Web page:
printf("write failed (%x)\n", *up);
                            ~^      ~~~
                            %lx
gcc-7.3.0 -O2 -> 4
gcc-8.2.0 (Gentoo 8.2.0-r5 p1.6) 8.2.0
Copyright (C) 2018 Free Software Foundation, Inc.
This is free software; see the source for copying conditions.  There is NO
warranty; not even for MERCHANTABILITY or FITNESS FOR A PARTICULAR PURPOSE.

unaligned.c: In function ‘main’:
unaligned.c:46:28: warning: format ‘%x’ expects argument of type ‘unsigned int’, but argument 2 has type ‘long unsigned int’ [-Wformat=]
      printf("read failed (%x)\n", *up);
                           ~^      ~~~
                           %lx
unaligned.c:56:29: warning: format ‘%x’ expects argument of type ‘unsigned int’, but argument 2 has type ‘long unsigned int’ [-Wformat=]
      printf("write failed (%x)\n", *up);
                            ~^      ~~~
                            %lx
gcc-8.2.0 -O2 -> 0
gcc (GCC) 3.4.3 (csl-sol210-3_4-branch+sol_rpath)
Copyright (C) 2004 Free Software Foundation, Inc.
This is free software; see the source for copying conditions.  There is NO
warranty; not even for MERCHANTABILITY or FITNESS FOR A PARTICULAR PURPOSE.

/usr/sfw/bin/gcc -g -> 4
gcc-6.4.0 (Gentoo 6.4.0-r2 p1.4) 6.4.0
Copyright (C) 2017 Free Software Foundation, Inc.
This is free software; see the source for copying conditions.  There is NO
warranty; not even for MERCHANTABILITY or FITNESS FOR A PARTICULAR PURPOSE.

unaligned.c: In function ‘main’:
unaligned.c:46:28: warning: format ‘%x’ expects argument of type ‘unsigned int’, but argument 2 has type ‘long unsigned int’ [-Wformat=]
      printf("read failed (%x)\n", *up);
                            ^
unaligned.c:56:29: warning: format ‘%x’ expects argument of type ‘unsigned int’, but argument 2 has type ‘long unsigned int’ [-Wformat=]
      printf("write failed (%x)\n", *up);
                             ^
gcc-6.4.0 -g -> 4
gcc-7.3.0 (Gentoo 7.3.0-r3 p1.4) 7.3.0
Copyright (C) 2017 Free Software Foundation, Inc.
This is free software; see the source for copying conditions.  There is NO
warranty; not even for MERCHANTABILITY or FITNESS FOR A PARTICULAR PURPOSE.

unaligned.c: In function ‘main’:
unaligned.c:46:28: warning: format ‘%x’ expects argument of type ‘unsigned int’, but argument 2 has type ‘long unsigned int’ [-Wformat=]
      printf("read failed (%x)\n", *up);
                           ~^      ~~~
                           %lx
unaligned.c:56:29: warning: format ‘%x’ expects argument of type ‘unsigned int’, but argument 2 has type ‘long unsigned int’ [-Wformat=]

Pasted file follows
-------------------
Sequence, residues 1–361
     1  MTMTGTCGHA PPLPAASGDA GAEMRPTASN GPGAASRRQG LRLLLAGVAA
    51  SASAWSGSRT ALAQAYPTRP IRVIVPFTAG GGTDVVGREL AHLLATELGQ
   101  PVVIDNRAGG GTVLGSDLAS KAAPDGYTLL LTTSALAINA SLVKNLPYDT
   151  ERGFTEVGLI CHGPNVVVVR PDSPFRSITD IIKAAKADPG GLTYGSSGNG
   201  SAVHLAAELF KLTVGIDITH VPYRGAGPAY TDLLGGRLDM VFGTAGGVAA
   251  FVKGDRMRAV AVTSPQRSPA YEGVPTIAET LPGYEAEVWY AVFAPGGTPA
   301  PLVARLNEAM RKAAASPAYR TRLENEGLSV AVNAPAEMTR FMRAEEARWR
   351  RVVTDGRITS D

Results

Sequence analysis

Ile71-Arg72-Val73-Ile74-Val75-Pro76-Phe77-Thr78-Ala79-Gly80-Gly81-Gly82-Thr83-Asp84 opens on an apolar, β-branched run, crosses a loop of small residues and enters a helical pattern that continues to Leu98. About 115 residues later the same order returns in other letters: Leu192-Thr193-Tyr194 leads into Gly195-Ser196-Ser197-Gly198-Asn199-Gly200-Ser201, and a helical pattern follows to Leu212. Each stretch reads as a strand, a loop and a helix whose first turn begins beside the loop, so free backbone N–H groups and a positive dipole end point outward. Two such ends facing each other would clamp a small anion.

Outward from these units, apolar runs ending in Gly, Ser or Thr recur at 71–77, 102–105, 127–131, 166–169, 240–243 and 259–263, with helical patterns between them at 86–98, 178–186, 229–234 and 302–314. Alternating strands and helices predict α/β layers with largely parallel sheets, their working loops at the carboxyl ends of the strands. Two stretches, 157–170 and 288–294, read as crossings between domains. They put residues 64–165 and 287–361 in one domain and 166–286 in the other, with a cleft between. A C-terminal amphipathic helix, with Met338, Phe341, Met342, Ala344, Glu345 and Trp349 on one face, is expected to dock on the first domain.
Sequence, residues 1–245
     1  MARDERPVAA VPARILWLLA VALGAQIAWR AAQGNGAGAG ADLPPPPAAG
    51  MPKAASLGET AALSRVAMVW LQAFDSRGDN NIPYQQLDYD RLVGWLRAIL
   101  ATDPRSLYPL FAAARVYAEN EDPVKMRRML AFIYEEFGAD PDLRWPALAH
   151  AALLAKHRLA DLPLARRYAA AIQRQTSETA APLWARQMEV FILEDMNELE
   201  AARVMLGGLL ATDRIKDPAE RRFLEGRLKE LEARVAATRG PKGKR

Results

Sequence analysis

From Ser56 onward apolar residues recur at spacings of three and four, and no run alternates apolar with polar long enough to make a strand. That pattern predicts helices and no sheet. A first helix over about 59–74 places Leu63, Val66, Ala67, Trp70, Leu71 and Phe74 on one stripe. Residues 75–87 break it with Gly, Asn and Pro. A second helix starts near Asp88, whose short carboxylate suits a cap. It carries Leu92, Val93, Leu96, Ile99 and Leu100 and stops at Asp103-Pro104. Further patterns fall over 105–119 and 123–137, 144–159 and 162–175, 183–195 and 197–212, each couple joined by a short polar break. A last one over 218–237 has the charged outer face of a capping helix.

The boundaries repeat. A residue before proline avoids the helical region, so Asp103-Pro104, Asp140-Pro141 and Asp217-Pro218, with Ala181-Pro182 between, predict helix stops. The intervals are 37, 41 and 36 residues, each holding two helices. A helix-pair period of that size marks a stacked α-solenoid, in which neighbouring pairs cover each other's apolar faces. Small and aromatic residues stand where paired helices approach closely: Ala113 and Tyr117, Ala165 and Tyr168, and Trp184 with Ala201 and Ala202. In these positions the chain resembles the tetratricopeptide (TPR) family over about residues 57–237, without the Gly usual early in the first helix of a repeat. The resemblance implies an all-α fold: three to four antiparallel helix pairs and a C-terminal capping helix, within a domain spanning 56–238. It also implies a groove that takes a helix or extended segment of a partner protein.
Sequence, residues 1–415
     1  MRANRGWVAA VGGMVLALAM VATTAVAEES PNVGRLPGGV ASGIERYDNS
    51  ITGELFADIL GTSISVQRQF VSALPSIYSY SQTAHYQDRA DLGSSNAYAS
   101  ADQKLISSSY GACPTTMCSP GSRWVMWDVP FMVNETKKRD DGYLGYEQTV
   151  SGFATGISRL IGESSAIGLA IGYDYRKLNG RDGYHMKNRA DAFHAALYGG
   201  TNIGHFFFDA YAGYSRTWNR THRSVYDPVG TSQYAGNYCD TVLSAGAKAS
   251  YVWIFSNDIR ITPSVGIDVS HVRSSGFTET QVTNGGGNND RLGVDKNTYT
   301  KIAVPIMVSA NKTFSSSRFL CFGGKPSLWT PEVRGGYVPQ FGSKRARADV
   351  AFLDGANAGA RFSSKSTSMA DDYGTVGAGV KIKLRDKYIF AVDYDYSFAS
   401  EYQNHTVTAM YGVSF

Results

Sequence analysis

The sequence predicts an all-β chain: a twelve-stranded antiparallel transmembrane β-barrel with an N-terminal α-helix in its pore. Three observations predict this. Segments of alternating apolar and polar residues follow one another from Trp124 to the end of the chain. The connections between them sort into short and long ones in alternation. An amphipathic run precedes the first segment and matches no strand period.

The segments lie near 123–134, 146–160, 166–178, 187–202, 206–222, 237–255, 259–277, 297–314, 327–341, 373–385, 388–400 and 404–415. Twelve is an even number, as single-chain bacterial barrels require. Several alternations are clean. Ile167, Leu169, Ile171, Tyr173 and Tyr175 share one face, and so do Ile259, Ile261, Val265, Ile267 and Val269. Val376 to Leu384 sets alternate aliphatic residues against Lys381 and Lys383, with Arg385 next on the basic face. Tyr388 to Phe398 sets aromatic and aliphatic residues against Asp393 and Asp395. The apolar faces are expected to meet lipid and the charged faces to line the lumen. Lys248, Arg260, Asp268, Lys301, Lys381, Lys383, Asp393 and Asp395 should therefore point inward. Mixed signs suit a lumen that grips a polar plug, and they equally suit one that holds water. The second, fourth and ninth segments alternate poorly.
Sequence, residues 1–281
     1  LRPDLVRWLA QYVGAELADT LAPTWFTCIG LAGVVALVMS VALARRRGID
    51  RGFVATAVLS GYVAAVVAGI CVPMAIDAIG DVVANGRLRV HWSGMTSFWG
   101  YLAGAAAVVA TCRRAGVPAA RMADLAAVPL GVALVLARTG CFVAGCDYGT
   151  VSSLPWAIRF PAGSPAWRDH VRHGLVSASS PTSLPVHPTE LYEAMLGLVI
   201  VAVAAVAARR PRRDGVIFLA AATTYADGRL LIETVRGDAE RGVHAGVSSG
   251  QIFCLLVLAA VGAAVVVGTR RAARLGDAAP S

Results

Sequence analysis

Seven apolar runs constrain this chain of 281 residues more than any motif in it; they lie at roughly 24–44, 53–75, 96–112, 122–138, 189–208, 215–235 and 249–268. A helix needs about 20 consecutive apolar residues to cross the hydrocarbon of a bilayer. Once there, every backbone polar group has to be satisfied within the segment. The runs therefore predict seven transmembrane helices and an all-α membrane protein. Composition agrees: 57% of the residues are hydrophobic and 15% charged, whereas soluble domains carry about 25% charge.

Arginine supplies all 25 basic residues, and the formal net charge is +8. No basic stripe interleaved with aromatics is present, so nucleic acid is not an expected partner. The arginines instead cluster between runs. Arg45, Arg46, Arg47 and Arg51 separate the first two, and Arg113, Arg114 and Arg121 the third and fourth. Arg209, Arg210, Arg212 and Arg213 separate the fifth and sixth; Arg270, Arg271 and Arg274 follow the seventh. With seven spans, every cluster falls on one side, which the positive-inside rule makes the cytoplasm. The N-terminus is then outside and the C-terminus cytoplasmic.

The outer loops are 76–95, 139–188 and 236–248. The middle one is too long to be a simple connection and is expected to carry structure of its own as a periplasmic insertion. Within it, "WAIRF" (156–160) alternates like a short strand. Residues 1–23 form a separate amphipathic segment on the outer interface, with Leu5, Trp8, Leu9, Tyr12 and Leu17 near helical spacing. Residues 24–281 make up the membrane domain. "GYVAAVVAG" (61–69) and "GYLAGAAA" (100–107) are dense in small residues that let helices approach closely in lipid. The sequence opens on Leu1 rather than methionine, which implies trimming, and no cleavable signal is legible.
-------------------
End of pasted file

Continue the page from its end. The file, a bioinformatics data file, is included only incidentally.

printf("write failed (%x)\n", *up);
                            ~^      ~~~
                            %lx
gcc-7.3.0 -g -> 4
gcc-8.2.0 (Gentoo 8.2.0-r5 p1.6) 8.2.0
Copyright (C) 2018 Free Software Foundation, Inc.
This is free software; see the source for copying conditions.  There is NO
warranty; not even for MERCHANTABILITY or FITNESS FOR A PARTICULAR PURPOSE.

unaligned.c: In function ‘main’:
unaligned.c:46:28: warning: format ‘%x’ expects argument of type ‘unsigned int’, but argument 2 has type ‘long unsigned int’ [-Wformat=]
      printf("read failed (%x)\n", *up);
                           ~^      ~~~
                           %lx
unaligned.c:56:29: warning: format ‘%x’ expects argument of type ‘unsigned int’, but argument 2 has type ‘long unsigned int’ [-Wformat=]
      printf("write failed (%x)\n", *up);
                            ~^      ~~~
                            %lx
gcc-8.2.0 -g -> 4


So, basically above list without the barf:

/usr/sfw/bin/gcc -O2 -> 4
gcc-6.4.0 -O2 -> 4
gcc-7.3.0 -O2 -> 4
gcc-8.2.0 -O2 -> 0
/usr/sfw/bin/gcc -g -> 4
gcc-6.4.0 -g -> 4
gcc-7.3.0 -g -> 4
gcc-8.2.0 -g -> 4

Behaviour seems to be pretty much limited to gcc-8.2 while optimising at the moment.

> Yves added some hashing code in 5.27 that made usage of this macro,
> AFAICT it wasn't used anywhere except in an optimization in
> Digest::MD5. I guess that's why we never noticed something was broken
> about it.

Yes, including the fact that at the time I compiled 5.26.2, I used GCC-7.3, which produced the correct result for the unaligned check.

This makes me wonder what the problem of OP is, though.  His env seems to suggest using GCC-4.9, which I don't have anymore for verification of the results.


---
via perlbug:  queue: perl5 status: open
https://rt.perl.org/Ticket/Display.html?id=133495